1cupuncooked rice, preferably long grain or medium grain (see notes for substitutes)
1small brown onion, diced
1garlic clove, minced
2tspginger, finely chopped or julienned
1birds eye chilli, finely chopped
1/2cupfrozen or canned corn
1 - 2tbsppeanut oil
1 3/4cupschicken or vegetable stock
2shallots/scallions, finely sliced on the diagonal
Coriander / cilantro leaves
Combine chicken with Marinade and set aside while you prepare the remaining ingredients.
Heat 1 tbsp oil in a frypan (around 22cm / 9" in diameter, preferably with a lid) over high heat.
Remove chicken from Marinade (but keep the Marinade) and sear each side until browned. Do not cook the chicken through - it will finish cooking with the rice. Remove chicken from the pan and set aside.
If there is still oil in the pan (from both the oil you added in step 2 plus from the chicken) you don't need to add any more oil. But if the pan is looking dry, add 1 tbsp of oil to the pan and return to high heat.
Add onion, garlic, ginger and chilli and sauté for 1 minute. Then add the carrots and sauté for a further 1 minute.
Add the rice and Marinade and stir to coat the grains - around 10 seconds.
Add the chicken stock, peas and corn. Bring to simmer, then turn down heat to medium low.
Place the chicken pieces on top of the rice.
Cover and cook for 15 to 20 minutes until all the water is absorbed (see notes for how to determine when it is done).
Let stand for 5 to 10 minutes before serving, garnished with the shallots and coriander leaves.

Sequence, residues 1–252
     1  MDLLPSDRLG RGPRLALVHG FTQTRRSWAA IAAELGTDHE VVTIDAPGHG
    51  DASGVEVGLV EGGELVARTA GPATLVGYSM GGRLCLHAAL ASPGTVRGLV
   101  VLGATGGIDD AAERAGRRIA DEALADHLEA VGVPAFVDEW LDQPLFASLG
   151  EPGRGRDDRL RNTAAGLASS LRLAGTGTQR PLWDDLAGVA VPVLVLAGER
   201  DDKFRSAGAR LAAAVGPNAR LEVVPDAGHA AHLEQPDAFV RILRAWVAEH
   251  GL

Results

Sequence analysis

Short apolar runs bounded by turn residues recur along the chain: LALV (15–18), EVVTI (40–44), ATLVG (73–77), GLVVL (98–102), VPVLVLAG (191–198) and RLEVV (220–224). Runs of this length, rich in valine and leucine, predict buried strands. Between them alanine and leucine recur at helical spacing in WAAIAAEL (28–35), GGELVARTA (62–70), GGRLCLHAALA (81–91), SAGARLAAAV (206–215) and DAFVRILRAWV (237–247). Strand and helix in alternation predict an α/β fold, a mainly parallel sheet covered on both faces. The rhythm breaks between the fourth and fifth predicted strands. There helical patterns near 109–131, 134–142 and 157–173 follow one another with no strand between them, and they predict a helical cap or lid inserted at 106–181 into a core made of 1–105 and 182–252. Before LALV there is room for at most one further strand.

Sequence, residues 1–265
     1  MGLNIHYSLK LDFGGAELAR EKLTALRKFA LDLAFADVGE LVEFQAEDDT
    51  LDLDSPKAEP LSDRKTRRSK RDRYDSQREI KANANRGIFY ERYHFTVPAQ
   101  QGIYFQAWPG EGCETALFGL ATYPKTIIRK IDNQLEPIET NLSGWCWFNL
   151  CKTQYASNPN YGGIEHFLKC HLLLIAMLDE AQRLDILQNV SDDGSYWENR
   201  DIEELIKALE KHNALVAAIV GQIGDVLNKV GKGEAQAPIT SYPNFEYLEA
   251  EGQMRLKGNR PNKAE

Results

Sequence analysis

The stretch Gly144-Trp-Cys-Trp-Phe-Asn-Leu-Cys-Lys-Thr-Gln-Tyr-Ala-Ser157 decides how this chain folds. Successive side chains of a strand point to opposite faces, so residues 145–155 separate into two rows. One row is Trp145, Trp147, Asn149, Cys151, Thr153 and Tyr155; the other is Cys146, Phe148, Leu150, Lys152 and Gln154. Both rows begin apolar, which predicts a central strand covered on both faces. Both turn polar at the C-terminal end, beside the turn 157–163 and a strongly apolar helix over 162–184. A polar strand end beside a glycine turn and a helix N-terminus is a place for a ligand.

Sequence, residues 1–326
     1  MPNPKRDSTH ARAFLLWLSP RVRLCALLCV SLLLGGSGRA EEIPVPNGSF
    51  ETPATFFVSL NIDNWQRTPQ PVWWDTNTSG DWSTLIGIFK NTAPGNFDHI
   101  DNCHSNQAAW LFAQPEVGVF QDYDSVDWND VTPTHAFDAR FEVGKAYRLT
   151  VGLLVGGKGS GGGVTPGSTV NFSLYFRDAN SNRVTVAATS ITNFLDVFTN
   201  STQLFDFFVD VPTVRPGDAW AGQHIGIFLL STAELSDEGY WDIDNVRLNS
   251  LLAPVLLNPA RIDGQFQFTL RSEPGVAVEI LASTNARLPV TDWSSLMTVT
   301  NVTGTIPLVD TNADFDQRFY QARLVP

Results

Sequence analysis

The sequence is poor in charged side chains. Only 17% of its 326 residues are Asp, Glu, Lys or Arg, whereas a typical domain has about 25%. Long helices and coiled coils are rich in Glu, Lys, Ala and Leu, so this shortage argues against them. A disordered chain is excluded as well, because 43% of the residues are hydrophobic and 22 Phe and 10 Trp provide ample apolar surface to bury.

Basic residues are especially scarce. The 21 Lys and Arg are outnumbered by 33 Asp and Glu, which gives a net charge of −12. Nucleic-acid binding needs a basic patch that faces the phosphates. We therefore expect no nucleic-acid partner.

1. This is best made with long grain or medium grain rice. The next best substitutes (in order of priority) are jasmine, basmati then short grain rice. This recipe would also work with calasparra rice (spanish rice used for paella) and brown rice but you will need to adjust the quantity of stock required (as per the rice packet instructions). I do not recommend using arborio (risotto) rice, it will come out creamy which I think would be odd with Chinese flavours. 2. I find this easiest to make in a fry pan or skillet but you can also make it in a pot. Just make sure to use one around 22cm/8 - 9 inches in diameter. If it is much bigger than this then the rice will be spread too thin when cooking which may distort the cooking time and water absorption.3. I don't have a lid for the frypan I use to make this. Instead, I use the lid of a pot. It's too large for the fry pan but it works fine. It is ok for a little steam to escape. The alternative is to cover with foil, or cook it in a pot with a lid.4. The rice is ready when the water has been absorbed. Tilt the pan on its side to check if there is residual water. If not, then it is ready to take off the stove. Don't worry if the grains still look a bit wet because while the rice is standing, it will absorb the remaining liquid.5. Nutrition per serving.